Collins to be Mets' longest-tenured manager

Collins to be Mets' longest-tenured manager

PHOENIX -- As the Mets waited on a bus to the airport following their seventh straight loss on Wednesday, Terry Collins wandered the Chase Field visiting clubhouse, offering his all-too-frequent rounds of damage control. Collins sidled up to Jay Bruce, cracking a joke. He waited for Matt Harvey to finish his media responsibilities, then gave the struggling starter a pat on the back. His office door remained open, as it usually is.

These are trying times for Collins, his Mets in an early-season funk for the third consecutive year. In each of the previous two, Collins managed to guide the Mets past it to the postseason.

For those efforts and others, Collins on Friday will match Davey Johnson as the longest-tenured manager in Mets history, with 1,012 games on his ledger. A night later, he will surpass the 1986 World Series champion manager.

"I didn't know how long it was going to last," Collins said earlier this week of his tenure. "The only thing I knew was I was going to try to enjoy it more. And I have. When you're beat up like we are right now, it's a battle to put the right mixes together. But that's part of managing. That's the fun part."

It is also, Collins says, "the hard part -- the part that every manager doesn't want to go through but is going to. You've just got to deal with it. And the one thing you can't do is let [the players] see how frustrated you are. Because they watch -- make no mistake about it. That's what makes it a challenging job. It's not an easy spot. I'm very, very lucky to still be here."

By any measure, few anticipated Collins would become the longest-tenured manager in franchise history when he signed on in November 2010. Flaming out in two prior stops in Houston and Anaheim, Collins assumed he would never manage in the big leagues again. He worked a bit in Japan, eventually returning as the Dodgers' Minor League field coordinator. When then-general manager Omar Minaya offered him the same position with the Mets, Collins accepted. He liked the idea of spending his fourth decade in baseball working with prospects.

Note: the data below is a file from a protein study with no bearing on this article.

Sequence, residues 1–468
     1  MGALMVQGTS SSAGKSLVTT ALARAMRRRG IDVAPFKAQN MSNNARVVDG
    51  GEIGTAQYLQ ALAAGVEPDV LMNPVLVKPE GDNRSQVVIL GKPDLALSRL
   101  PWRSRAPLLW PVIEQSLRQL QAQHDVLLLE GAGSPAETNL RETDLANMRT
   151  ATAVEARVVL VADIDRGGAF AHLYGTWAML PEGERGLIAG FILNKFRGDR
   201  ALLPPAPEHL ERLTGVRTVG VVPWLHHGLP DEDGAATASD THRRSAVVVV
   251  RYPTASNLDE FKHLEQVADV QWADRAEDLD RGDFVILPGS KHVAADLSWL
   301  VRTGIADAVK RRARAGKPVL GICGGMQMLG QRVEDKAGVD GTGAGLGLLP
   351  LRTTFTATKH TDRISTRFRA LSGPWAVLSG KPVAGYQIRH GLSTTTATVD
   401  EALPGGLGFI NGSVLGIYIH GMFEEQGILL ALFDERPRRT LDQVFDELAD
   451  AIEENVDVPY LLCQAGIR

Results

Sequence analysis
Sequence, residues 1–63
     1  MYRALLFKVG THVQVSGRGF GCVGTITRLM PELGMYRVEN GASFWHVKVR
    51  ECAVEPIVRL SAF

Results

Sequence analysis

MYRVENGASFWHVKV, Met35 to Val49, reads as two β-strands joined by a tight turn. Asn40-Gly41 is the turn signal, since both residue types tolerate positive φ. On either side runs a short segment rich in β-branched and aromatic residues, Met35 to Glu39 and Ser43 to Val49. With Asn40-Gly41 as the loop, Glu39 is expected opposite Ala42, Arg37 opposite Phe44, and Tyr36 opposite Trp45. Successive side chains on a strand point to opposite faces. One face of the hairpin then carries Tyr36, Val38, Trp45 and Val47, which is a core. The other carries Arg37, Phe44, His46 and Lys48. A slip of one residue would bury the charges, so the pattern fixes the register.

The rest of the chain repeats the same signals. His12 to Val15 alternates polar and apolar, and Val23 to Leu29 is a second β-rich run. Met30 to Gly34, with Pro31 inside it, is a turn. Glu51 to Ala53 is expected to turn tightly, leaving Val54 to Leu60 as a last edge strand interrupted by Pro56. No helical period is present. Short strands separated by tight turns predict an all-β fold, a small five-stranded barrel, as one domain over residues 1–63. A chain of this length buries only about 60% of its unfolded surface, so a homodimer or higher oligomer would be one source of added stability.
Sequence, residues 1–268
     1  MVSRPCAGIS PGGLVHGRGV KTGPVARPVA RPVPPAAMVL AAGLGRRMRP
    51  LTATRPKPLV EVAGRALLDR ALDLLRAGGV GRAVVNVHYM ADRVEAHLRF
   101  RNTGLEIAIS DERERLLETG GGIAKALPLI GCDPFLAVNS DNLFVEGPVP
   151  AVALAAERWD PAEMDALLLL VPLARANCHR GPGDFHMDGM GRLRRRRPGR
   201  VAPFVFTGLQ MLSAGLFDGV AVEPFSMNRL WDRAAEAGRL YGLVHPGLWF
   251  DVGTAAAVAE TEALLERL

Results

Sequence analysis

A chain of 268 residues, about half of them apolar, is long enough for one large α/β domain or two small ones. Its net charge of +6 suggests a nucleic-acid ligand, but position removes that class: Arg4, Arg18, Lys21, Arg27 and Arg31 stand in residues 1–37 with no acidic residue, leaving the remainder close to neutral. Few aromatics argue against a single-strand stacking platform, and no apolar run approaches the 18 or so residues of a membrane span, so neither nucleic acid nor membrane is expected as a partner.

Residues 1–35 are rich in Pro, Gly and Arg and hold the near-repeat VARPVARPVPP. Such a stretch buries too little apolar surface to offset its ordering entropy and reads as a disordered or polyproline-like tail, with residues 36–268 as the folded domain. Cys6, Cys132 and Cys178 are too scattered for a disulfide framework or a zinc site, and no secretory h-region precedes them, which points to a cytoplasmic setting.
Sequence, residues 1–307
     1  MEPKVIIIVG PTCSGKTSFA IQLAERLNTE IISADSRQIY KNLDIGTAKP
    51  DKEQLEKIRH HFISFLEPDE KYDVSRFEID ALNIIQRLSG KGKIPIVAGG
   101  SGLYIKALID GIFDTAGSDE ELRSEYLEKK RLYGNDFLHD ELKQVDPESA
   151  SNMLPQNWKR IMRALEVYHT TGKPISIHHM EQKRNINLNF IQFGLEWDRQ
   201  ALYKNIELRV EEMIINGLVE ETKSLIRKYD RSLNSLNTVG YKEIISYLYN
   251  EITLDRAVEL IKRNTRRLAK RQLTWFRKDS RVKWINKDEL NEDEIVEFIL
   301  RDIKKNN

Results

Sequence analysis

Then the Mets dismissed Minaya and manager Jerry Manuel, opening a door for Collins. He interviewed. New GM Sandy Alderson took to Collins because of -- not in spite of -- their differing philosophies on sabermetrics. Alderson wanted a dissenting voice in the room, yet one with an open mind.

"I think we saw right from the beginning that he was going to kind of be a little different type of manager," said assistant GM John Ricco, part of the team that hired Collins. "He's clearly a take-charge guy. He's not a guy who sits back and waits for everybody else to do it. If there's a problem, he's going to be right there solving it. And I know Sandy appreciates that a lot."

Through the years, Collins has irked some fans, particularly in the area of bullpen management. He is far from a perfect manager. He has clashed with Alderson. He has spent much of his tenure inching up to the hot seat.

Each time, Collins has escaped, living to manage another day. This season, he has a chance to become the first man in Mets history to guide the team to three consecutive postseason berths.

Imagine that. Collins certainly could not have.

"I'm excited every morning to get up because I know there are challenges ahead, and that kind of keeps you going," Collins said. "Gosh, I've had a Cy Young Award winner. I've had a batting champion. I've seen a no-hitter. A lot of records have fallen along the wayside for this team. It's been great."

Anthony DiComo has covered the Mets for since 2008. Follow him on Twitter @AnthonyDiComo and Facebook, and listen to his podcast. This story was not subject to the approval of Major League Baseball or its clubs.